Rapid apple decline remains mystery for pathologist

AFP Correspondent

BEDFORD, Pa. (April 11, 2017) — During the Appalachian Fruit Growers winter meeting, Dr. Kari Peter, tree fruit pathologist at Penn State’s Fruit Research and Extension Center, described sudden decline and death of apple trees.
In her first season at Penn State in 2013, a three-acre plant pathology research block that had been planted in 2011 suffered a massive die-off.
Aliette, Rampart and Ridomil were used to save the trees; none worked.
Mysteriously, the symptoms observed did not fit the usual diseases that cause tree collapse such as fireblight infection, Phytophthora and tomato ringspot virus.
The problem in Biglerville continued in 2014, and the issue was discovered with other orchards in the state.
Her lab began working with the Pennsylvania Department of Agriculture.
More recently, Cornell, North Carolina State, Massachusetts University, Virginia Tech, plus tree fruit growers and the USDA in Beltsville, Md., have joined the effort.
So far, there have been no clear answers as to the cause of the sudden collapse of the trees.
The research, however, has identified diagnostic characteristics, and has been able to rule out several factors.
Young, 2- to 8-year dwarf trees are most susceptible.
Several varieties, including Fuji, Gala and Golden Delicious have been affected.
The M9 (Nic29 and 37) rootstock has been most affected.
The trees in Biglerville came from multiple sources.
To date, semi-dwarf rootstocks have not been associated with the issue.
Necrosis begins at the graft union. Severe shredding of the bark occurs around the graft.
Cankers appear. Necrosis proceeds up the tree trunk.
The affected wood is usually solid, not spongy.
Upon examination, Peter noted, “The rootstock looked great.”
She added that many suckers remained, and the root system itself was healthy.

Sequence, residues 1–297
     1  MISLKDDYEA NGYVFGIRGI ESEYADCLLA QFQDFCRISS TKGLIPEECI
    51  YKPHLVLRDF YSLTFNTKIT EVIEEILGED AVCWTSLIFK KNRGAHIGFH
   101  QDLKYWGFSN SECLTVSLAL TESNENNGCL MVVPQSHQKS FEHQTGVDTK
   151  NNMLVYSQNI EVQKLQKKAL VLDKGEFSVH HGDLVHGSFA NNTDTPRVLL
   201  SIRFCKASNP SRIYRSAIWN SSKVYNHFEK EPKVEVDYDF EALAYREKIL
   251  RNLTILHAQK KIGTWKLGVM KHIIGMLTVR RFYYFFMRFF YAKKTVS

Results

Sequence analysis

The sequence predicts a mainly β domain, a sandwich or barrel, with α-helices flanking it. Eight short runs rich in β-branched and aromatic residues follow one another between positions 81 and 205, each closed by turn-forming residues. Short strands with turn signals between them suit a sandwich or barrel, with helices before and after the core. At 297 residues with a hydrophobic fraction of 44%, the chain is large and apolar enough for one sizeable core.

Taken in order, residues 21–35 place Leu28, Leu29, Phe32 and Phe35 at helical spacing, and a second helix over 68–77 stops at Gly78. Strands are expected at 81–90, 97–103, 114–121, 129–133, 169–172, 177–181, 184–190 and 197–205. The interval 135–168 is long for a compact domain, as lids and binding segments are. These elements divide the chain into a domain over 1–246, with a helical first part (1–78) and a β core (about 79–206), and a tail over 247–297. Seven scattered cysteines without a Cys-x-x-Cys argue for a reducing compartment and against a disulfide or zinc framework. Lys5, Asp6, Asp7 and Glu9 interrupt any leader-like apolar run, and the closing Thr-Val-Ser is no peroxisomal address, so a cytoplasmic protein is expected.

However, the leaves on the trees begin to appear pale yellow, then reddish. That can indicate tree girdling, Peter explained. The tree can be dead within two weeks.
Even with a full load of fruit, the tree can collapse.
Total collapse has been observed from late July through September.
An orchard block of trees can be a mix of healthy, declining and dead trees dispersed fairly evenly throughout the block.
Peter reported that many indicate that winter injury may be the cause, as the stress of severe temperature fluctuations weakens the trees and increases their susceptibility to diseases.
Although she acknowledges that 2014 and 2015 were exceptionally challenging, she noted that observations in her problematic apple block prompts her to question the winter injury theory.
The research has revealed numerous facts that can eliminate several scenarios.
For instance, while the symptoms of fireblight are similar, bacterial DNA has not been detected.
Insects such as borers have been present, but Peter said borers likely entered after the tree weakened.
Phytophthora has not been isolated in samples. Nematodes have been found in soil samples, but in insufficient numbers to cause significant damage. Neither Phytophthora nor nematodes appear to be a cause.
Because many sites have no history of previous apple plantings, a replanting issue has been ruled out.
Latent virus infection and herbicide residue are being investigated aggressively.
Peter has surveyed Pennsylvania growers for specific data, and is collaborating with other researchers on this perplexing rapid apple decline, also known as sudden apple decline.
She told the fruit growers that this problem may be a complex of issues.
In the meantime, she suggests to minimizing stress to the trees by applying the appropriate nutrients and managing diseases and insects.
Also, consider irrigation, especially with M9 rootstock trees.
Painting the trunks white or using white tree guards to prevent southwest injury may limit winter injury.
Peter said she would keep growers informed as more data develop.